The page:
A (Simple?) Formula for Deception:

Deception = (clues x + y + z) / Smart Sleuth

Deception lies at the heart of mystery.  Clues are mistakes that villains make when they want to remain hidden.  Clues are:  x = objects, y = information, and z = an observed action.  Smart Sleuths uncover x, y, and z and interpret them through their special skills, thus bringing the villain out of hiding.

Simple, right?


Here’s the hitch:  Readers want to have the same information the sleuth has, but they also want to be surprised, AND they want the author to play fair, by dropping in clues in plain sight.  What’s a stumbling, budding mystery author to do??  Here are a few solutions.

Hiding object clues in plain sight:

  • don’t hide them.  Who would’ve thought the letter in “The Purloined Letter” was really the letter in question??  And then there’s Agatha Christie, the queen of this technique, who often hid clues in first chapters.  Readers are getting into the story and tend not to absorb clues that early.
  • long lists.  It’s hard for readers to remember items in lists when there are more than 3.
  • misdirection.  Emphasizing the unimportant side of a clue.
  • absence.  Obvious clues that are supposed to be there, but are conspicuously absent.

Hiding information in plain sight:

  • give the information to the reader before the crime is committed–forgetful reader will have a harder time connecting the two pieces
  • humor, unreliable narrators, or chatty narrators–in each case, who’s going to believe such a narrator can give serious, important clues?
  • what’s left unsaid

Hiding action in plain sight:

  • a dramatic action happens just as Smart Sleuth gains a clue, distracting Reader from what you don’t want her to puzzle over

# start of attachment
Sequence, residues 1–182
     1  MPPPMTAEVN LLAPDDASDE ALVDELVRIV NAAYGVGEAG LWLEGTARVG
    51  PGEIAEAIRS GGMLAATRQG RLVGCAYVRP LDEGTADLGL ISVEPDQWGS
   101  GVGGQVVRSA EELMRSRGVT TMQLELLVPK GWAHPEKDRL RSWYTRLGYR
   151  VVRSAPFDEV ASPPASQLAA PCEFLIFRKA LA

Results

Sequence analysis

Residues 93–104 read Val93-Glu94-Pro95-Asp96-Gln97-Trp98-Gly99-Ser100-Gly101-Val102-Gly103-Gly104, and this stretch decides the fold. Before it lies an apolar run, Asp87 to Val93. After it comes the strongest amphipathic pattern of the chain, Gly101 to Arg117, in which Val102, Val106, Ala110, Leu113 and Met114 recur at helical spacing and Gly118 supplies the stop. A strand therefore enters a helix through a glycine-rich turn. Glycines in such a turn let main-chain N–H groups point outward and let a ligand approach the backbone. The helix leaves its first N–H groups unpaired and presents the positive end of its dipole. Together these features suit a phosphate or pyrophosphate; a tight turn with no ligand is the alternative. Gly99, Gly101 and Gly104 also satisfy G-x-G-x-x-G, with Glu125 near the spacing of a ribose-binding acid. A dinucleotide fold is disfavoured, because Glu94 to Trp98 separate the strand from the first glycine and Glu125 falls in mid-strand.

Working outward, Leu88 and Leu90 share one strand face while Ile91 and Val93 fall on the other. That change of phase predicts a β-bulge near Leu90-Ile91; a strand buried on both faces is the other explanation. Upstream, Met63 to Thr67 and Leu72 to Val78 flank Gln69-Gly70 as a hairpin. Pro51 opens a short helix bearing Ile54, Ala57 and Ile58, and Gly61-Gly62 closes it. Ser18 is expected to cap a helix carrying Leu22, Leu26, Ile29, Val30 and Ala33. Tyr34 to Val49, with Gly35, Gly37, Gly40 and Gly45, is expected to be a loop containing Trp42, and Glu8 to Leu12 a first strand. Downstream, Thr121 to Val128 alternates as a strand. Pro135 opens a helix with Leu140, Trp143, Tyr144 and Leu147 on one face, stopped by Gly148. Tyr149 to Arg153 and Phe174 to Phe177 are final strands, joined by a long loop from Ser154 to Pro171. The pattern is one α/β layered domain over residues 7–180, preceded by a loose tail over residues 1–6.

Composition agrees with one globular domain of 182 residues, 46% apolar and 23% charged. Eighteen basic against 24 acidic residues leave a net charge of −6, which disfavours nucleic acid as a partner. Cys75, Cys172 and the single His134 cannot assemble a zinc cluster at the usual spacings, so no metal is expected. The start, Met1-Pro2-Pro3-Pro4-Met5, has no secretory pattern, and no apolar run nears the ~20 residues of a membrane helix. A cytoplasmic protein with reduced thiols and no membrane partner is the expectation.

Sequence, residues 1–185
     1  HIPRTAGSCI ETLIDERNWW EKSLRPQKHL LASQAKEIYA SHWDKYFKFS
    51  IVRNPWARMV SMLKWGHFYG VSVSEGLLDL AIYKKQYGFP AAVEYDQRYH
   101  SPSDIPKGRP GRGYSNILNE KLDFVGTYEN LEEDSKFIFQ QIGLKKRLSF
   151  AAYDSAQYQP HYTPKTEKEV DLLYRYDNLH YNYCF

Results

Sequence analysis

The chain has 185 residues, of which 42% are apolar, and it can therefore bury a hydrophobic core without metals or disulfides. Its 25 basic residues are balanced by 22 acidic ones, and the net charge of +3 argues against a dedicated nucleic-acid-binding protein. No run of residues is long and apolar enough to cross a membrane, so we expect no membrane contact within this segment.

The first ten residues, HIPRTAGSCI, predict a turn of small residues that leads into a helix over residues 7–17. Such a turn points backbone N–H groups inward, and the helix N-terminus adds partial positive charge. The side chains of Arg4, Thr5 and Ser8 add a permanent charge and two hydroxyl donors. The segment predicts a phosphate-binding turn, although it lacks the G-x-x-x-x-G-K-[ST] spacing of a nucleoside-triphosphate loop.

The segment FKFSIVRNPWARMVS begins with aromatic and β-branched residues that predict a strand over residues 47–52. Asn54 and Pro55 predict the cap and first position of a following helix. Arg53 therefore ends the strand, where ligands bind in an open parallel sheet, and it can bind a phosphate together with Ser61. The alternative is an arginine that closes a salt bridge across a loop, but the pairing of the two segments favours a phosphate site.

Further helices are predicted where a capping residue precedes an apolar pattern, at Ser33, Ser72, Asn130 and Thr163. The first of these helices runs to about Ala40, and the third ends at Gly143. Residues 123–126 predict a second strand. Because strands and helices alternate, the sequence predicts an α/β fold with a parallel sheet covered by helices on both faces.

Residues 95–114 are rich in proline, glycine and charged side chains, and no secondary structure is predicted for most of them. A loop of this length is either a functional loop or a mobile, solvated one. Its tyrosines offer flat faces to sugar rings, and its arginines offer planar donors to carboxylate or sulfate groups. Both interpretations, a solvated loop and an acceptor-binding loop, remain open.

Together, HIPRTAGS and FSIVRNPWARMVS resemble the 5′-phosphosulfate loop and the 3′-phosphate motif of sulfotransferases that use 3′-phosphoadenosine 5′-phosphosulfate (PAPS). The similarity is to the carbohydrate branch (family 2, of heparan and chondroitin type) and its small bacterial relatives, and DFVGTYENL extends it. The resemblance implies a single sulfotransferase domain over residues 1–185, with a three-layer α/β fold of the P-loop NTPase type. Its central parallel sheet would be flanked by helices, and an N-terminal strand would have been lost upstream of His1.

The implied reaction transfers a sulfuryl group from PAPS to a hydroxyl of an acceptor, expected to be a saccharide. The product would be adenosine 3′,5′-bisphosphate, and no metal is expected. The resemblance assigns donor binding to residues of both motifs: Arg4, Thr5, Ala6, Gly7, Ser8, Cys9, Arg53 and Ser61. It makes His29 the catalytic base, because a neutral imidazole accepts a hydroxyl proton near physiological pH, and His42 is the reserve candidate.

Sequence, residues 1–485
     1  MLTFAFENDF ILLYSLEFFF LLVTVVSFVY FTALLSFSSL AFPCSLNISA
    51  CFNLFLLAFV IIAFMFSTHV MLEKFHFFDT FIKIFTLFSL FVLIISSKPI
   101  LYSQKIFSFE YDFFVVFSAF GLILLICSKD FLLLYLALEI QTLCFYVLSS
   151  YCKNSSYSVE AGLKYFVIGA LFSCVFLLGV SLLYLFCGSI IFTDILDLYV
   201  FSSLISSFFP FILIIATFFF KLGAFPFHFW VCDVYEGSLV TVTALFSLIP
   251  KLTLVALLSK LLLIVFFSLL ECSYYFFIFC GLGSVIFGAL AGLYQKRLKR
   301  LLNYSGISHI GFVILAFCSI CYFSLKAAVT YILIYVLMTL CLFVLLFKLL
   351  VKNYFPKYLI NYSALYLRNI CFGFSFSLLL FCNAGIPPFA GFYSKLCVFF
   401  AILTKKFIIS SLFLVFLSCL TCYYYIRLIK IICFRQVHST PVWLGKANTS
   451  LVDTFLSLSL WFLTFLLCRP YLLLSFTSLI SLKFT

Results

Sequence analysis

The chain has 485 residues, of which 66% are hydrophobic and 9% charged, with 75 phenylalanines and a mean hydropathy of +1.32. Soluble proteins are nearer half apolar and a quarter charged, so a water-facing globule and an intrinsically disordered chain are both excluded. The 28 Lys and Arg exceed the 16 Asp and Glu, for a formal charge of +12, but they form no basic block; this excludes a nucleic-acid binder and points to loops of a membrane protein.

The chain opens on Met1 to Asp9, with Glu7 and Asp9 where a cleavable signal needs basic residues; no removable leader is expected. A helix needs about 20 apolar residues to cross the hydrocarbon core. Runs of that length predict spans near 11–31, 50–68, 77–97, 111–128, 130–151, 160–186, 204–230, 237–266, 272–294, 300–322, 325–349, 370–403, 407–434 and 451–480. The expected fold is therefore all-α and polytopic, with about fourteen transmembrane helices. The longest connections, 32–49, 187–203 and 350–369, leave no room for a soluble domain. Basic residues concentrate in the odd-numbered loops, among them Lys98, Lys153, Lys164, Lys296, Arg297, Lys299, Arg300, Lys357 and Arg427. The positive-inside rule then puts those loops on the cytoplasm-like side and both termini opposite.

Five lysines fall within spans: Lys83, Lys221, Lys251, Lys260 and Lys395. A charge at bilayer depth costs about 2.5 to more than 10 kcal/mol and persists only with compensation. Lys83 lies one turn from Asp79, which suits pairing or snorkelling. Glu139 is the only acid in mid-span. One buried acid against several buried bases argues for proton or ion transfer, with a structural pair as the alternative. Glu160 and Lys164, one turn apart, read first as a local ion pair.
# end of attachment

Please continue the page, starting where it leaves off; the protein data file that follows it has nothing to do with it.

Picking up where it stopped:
• a new meaning to a clue that has been misinterpreted, because even Smart Sleuths can be misdirected

Misdirect + distract = 2 key verbs of deception


13 thoughts on “A (Simple?) Formula for Deception:”

  1. What a great explanation. This is one of the things I trip up over. You need the clues, the reader has to have the clues, but you don’t want the reader to put the clues together too soon.

    Definitely a challenge.

  2. Wonderful post, Sue! I love the way you broke this down. The clues left unsaid are always the ones that fool me as a reader, and seem to be the ones I overlook when writing. Definitely going to reference this post as I start working on my next mystery!

  3. I had to wait until the afternoon to read this post. It was giving me a headache this morning. KIDDING! (sorta)

    What a clear concept! I agree with Kait. If you aren’t preparing course material for this, you should!

  4. Thanks, ladies, and sorry for the headache. Me too! Actually, I have worked this up as workshop material. Really fun to do!

  5. Wonderful explanation! As a newbie to writing mysteries, hiding the clues in plain sight or knowing what to reveal when, is still the hardest part of the outline process. Valuable advice- thank you!

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